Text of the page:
Browsing All Posts filed under »Africa«

Afghanistan, Zimbabwe and the Just War principle

September 15, 2011


The world has just marked with due solemnity and regret the tenth anniversary of terrible terrorist attacks upon the World Trade Center and the Pentagon. Much has been written in recent days analysing the legacy of the events to date. The most notable 9/11 outcome has perhaps been armed intervention in Afghanistan by NATO and […]

The Secret Challenge of Africa

May 16, 2011


From a guest blogger in Kenya: After structural adjustments and economic liberalisation have proved inadequate to address the continent’s woes, the focus of the international donor community in Africa has been trained on the need to combat corruption. The fight against corruption has been precisely that—a fight against—but the central problem of the continent is […]

Egypt, Tunisia, and the Failure of Neoclassical Economic Theory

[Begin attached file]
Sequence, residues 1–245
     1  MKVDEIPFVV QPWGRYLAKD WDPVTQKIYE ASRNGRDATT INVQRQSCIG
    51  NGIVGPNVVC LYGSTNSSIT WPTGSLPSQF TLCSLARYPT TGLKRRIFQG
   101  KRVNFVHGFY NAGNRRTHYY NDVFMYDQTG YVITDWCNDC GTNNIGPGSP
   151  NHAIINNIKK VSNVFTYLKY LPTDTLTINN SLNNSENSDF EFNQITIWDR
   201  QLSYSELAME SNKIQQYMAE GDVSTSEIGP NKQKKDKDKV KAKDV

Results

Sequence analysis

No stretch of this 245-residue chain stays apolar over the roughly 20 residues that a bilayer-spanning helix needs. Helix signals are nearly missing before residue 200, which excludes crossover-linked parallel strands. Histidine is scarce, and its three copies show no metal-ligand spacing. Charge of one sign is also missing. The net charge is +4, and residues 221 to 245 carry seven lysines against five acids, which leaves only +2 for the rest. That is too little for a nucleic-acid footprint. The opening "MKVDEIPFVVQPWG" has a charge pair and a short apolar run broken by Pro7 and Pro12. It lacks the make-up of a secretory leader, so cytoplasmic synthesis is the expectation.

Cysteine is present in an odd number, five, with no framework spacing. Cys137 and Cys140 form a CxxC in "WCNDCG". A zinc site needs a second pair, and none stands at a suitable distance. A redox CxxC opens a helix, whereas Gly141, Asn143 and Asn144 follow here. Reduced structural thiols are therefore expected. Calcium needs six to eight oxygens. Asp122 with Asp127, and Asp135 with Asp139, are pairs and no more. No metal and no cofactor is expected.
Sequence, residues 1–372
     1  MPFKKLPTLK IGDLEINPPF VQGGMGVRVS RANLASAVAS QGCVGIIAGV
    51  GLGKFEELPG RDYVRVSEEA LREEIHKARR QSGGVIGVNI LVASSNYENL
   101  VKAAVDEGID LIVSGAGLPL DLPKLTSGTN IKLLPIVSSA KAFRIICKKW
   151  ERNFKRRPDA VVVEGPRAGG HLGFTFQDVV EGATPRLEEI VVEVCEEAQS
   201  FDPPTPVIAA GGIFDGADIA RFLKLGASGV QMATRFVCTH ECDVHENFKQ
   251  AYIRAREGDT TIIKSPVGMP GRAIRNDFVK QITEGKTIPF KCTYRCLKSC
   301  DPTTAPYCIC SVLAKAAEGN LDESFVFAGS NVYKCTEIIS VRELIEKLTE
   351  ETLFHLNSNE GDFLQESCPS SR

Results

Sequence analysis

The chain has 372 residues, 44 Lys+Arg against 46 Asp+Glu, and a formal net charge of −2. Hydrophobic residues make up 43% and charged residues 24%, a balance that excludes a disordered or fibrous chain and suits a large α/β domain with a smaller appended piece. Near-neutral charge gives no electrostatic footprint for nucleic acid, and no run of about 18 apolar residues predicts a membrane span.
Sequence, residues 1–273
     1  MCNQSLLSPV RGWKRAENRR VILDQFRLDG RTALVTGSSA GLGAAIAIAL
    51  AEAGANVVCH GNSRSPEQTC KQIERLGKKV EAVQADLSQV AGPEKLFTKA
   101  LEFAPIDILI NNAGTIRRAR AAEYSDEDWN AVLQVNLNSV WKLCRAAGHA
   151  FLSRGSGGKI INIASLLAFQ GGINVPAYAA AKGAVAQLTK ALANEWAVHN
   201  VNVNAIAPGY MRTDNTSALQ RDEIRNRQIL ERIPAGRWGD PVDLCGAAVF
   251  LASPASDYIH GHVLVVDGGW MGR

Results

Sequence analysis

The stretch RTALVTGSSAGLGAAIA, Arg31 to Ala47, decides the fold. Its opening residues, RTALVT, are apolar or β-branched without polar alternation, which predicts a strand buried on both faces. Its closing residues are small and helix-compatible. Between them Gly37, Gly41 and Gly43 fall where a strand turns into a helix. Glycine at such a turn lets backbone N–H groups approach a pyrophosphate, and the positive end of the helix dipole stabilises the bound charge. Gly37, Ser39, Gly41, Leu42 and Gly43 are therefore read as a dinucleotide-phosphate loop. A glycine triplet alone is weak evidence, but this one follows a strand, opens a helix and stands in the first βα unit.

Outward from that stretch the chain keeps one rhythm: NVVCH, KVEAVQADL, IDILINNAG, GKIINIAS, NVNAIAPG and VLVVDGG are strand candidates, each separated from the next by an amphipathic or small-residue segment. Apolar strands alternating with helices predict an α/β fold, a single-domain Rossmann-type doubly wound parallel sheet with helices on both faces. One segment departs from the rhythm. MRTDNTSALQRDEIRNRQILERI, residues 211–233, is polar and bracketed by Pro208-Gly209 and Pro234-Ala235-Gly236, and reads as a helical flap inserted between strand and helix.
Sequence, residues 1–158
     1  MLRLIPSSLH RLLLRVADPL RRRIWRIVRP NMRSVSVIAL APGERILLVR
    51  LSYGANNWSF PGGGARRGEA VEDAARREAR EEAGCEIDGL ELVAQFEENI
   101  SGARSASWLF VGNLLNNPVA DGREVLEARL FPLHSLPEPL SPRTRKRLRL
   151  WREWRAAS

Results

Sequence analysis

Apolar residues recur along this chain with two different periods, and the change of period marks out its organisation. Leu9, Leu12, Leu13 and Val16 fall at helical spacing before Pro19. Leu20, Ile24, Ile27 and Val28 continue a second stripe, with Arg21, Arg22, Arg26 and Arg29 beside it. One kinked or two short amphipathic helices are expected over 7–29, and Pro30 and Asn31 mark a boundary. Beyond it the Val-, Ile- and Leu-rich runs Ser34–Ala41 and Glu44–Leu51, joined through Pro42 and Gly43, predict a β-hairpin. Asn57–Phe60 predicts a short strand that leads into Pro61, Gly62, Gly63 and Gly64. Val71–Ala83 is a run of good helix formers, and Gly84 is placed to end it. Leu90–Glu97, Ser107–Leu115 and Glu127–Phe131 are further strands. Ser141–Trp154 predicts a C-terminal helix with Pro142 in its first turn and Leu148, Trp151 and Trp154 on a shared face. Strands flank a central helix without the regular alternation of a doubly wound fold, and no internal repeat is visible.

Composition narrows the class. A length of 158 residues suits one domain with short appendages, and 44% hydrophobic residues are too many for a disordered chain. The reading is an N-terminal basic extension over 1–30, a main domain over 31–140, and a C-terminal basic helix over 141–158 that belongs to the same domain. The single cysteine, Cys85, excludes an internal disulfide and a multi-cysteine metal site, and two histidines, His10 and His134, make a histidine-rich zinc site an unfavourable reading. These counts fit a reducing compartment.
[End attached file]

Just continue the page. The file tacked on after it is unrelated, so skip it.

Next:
April 13, 2011


‘The regime changes in Egypt and Tunisia have been hailed as victories for democracy, as proof of the liberalizing power of social networking media, as testimony to the power of nonviolent political action. All of that they may indeed be; but the events in Egypt and Tunisia also illustrate a major defect in our economic […]

Should Britain Invade Libya?

March 4, 2011


The title I have chosen is somewhat disingenuous. I do not support armed intervention in Libya, and so my intention in blogging on this subject is not to voice support for military action. Neither, however, do I oppose it. But the suggestion that the West might use force in the Arab world has once again […]

What Libyan and Other Jasmine Revolutionaries Owe Burma

March 3, 2011


Part one of a series written by a guest blogger: ‘Burma leads the world!’ – not a common headline. And yet, this should be the sub-heading behind every newspaper cover story of the Middle East uprisings taking place right now. Why? The (non-violent) revolution handbook used in each of these settings was originally written to […]

Can Democracy Save Egypt?

February 21, 2011


There is an interesting article on the Witherspoon Institute’s Public Discourse site by Egyptian journalist Yasser Khalil, who took part in the recent protests in that country. ‘The question that now hangs over Egypt,’ he argues, ‘is whether real freedom is possible, or whether the country inevitably will fall under authoritarian control or the rule […]